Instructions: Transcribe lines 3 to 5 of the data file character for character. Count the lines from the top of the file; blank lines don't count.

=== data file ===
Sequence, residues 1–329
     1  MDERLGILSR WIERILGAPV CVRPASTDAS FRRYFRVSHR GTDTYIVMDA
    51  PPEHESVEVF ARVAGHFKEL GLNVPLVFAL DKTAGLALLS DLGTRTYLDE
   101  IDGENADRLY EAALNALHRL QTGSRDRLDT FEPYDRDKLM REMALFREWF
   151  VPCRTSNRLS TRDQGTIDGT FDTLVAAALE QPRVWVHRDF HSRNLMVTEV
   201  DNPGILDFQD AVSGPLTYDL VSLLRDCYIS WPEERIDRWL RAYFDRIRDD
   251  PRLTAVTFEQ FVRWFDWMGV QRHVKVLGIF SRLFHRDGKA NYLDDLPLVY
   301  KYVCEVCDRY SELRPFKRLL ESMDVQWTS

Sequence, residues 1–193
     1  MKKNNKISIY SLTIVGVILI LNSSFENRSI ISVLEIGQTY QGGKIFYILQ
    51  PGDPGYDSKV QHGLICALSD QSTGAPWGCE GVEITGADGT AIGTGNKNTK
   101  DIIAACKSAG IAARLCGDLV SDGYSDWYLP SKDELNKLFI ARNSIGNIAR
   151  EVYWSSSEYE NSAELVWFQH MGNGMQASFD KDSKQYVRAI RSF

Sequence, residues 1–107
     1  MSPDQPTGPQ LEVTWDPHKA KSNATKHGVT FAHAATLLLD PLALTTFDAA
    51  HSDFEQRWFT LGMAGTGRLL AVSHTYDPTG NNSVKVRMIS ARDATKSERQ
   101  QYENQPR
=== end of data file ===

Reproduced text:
    51  PPEHESVEVF ARVAGHFKEL GLNVPLVFAL DKTAGLALLS DLGTRTYLDE
   101  IDGENADRLY EAALNALHRL QTGSRDRLDT FEPYDRDKLM REMALFREWF
   151  VPCRTSNRLS TRDQGTIDGT FDTLVAAALE QPRVWVHRDF HSRNLMVTEV